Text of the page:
5 facts startups need to know about the GDPR

Generic placeholder image
Matt McKenna

Underwriting Manager

Any business that comes in contact with EU citizens will have to follow new rules as of May of this year. The General Data Protection Regulation (GDPR), passed by EU Parliament in April 2016, directly impacts businesses in the US, EU and elsewhere. Its purpose is to set uniform standards for data protection and prevent businesses from misleading EU citizens about how their data is being used.

Here are 5 facts every startup needs to know to avoid running afoul:


1. Does the GDPR affect me?

If your company does business with — or tracks the behavior of — EU citizens, you need to comply. Whether or not you’re located in the EU makes no difference. What matters is whose personal data you are exposed to.


2. What is “personal data” according to the GDPR?

The EU’s definition of “personal data” is broader than those of some US jurisdictions. Here’s how the EU Parliament sees it:

Any information related to a natural person or ‘Data Subject’, that can be used to directly or indirectly identify the person. It can be anything from a name, a photo, an email address, bank details, posts on social networking websites, medical information, or a computer IP address.


3. What do I need to do to comply with the GDPR?

You may need to make changes to your contracts and internal processes. You’ll have to formulate a data breach response plan if you don’t have one in place. If you do have one, you may need to update it. Is your customer privacy policy filled with legalese? It’s possible your lawyer will recommend rewriting it. Transparency with users is one of the most important goals of the GDPR.

It can’t hurt to familiarize yourself with the regulation (full text here). Make sure to also take advantage of the FAQ and online resources that the EU has made available. Law firms are publishing compliance checklists which can be a helpful tool.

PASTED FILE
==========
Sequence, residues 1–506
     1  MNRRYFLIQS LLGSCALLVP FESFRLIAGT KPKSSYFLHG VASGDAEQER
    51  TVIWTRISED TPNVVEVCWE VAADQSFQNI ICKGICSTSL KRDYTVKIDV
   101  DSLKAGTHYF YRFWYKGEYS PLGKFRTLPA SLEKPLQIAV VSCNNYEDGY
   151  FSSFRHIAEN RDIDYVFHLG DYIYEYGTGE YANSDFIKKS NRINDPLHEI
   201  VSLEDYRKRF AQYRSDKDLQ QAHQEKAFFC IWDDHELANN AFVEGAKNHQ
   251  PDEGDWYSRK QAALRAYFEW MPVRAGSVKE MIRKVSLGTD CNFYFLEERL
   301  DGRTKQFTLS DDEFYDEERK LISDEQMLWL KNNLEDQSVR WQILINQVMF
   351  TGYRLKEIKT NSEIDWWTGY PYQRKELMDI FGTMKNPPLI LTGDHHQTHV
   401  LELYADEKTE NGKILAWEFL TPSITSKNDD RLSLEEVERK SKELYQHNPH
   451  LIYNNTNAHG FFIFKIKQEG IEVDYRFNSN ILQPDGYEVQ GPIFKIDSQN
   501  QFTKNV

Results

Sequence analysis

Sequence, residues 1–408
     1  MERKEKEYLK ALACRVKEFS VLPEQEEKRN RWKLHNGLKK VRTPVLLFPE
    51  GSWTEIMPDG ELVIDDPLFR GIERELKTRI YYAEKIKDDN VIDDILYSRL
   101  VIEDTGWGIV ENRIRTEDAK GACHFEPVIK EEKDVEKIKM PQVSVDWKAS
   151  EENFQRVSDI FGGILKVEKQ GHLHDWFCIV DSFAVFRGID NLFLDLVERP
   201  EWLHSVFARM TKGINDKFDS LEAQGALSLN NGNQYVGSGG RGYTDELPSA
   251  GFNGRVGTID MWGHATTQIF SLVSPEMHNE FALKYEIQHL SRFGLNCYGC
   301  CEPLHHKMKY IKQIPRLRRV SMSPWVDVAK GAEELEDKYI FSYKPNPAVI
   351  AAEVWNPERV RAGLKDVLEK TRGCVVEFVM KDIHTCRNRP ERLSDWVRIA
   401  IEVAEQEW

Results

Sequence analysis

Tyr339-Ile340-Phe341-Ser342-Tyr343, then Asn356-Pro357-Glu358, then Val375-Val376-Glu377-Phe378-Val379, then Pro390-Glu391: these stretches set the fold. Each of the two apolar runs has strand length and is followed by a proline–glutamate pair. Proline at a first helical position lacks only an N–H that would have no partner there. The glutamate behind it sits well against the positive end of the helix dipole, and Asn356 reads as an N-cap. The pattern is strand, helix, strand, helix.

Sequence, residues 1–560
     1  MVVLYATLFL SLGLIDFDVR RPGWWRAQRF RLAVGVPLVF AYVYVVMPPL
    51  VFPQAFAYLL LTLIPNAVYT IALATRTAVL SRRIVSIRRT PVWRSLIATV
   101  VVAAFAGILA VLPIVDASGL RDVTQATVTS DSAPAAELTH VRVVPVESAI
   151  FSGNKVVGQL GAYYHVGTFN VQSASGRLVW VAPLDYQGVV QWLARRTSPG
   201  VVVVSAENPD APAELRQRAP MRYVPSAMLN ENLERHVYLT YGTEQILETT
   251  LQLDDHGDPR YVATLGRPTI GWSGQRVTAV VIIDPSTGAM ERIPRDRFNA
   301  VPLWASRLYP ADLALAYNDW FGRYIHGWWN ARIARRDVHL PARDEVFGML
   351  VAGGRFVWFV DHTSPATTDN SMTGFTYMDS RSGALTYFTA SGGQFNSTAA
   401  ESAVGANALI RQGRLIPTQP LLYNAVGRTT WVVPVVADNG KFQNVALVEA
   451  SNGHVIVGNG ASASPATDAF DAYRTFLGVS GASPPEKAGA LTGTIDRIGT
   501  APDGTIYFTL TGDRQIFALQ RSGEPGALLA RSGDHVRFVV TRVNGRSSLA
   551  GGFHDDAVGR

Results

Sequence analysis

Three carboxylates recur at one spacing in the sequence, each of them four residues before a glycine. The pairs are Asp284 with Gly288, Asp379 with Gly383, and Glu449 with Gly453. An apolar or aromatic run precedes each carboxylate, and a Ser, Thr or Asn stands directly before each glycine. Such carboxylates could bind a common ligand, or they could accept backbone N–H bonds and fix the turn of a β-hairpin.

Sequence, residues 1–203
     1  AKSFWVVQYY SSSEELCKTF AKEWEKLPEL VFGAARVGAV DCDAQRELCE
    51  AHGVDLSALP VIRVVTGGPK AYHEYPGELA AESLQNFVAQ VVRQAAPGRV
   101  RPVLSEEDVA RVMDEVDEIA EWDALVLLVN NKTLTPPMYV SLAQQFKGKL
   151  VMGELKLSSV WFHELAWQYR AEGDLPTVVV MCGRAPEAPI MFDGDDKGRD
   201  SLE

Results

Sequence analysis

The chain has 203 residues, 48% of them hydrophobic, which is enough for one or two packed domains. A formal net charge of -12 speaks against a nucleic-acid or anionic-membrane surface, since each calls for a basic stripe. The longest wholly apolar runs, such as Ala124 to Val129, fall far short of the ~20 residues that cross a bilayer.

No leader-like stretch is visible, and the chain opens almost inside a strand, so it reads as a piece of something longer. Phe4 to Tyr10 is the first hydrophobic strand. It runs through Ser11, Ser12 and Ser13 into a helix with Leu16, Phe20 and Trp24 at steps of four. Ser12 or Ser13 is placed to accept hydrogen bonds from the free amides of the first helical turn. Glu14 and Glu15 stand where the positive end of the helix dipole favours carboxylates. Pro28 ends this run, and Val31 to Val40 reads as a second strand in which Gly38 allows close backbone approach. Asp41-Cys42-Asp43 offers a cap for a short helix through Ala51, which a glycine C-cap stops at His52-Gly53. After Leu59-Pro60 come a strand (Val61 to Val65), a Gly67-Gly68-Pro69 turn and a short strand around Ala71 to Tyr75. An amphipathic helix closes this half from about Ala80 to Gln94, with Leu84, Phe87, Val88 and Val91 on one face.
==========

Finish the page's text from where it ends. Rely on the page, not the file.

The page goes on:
Most importantly, as with all legal matters, consult your attorney to make sure you’re not breaking any rules.


4. When is the deadline to comply with the GDPR?

The absolute, last-minute deadline is May 25th, 2018. Companies not in compliance on that date could be fined.


5. But…why should I?

Fair question. Especially for US-domiciled companies that only have limited exposure to EU citizens, what’s the worst that can happen?

The EU Parliament is taking this new regulation very seriously:

Organizations can be fined up to 4% of annual global turnover for breaching GDPR or €20 Million. This is the maximum fine that can be imposed for the most serious infringements e.g.not having sufficient customer consent to process data or violating the core of Privacy by Design concepts.


Want to know more?

We’re here to address any questions you have about what the GDPR means for your insurance policies. Cyber insurance, in particular, has become significantly more useful in light of this new regulation.

You can contact us at or create an account here in order to get a quote for cyber insurance. You can also check out our blog for more info about data security and privacy liability.

Related Articles

August 31 • Cyber Liability

Cyber Liability Insurance Guide

Cyber liability insurance can seem confusing — but it doesn’t have to be. Here are several crucial cyber coverage guidelines for startups and technology companies.

August 30 • Cyber LiabilityErrors & OmissionsRisk Management Tips

MSP Insurance Guide

With the environment rapidly changing for a small or mid-market business, what risks do MSPs face now? Here’s a practical guide to MSP insurance.

ransomware manufactures
August 3 • Cyber LiabilityRisk Management Tips

Ransomware Insights: Why Hackers Are Targeting Manufacturers

With ransomware attacks on the rise, why are manufacturers taking the brunt of it? Here’s our take on the situation, along with helpful tips.

July 27 • Cyber Liability

Rise of Ransomware: How to Protect Your Business

Ransomware has been on the rise for several years, with 2020 making the biggest impact. Here’s the scoop on this cybercrime and what mid-market and small businesses can expect.

June 29 • Cyber Liability

How Does Your Cybersecurity Measure Up in 2021?

Small businesses and late-stage companies face unique challenges this year. Can your cybersecurity fend off all that 2020 delivered?

April 10 • Cyber LiabilityRisk Management Tips

Top 5 Social Media Influencer Lawsuits

A social media influencer often reaches millions of people, raising the stakes for the mid-market companies who hire them. Here’s how these risks unfold.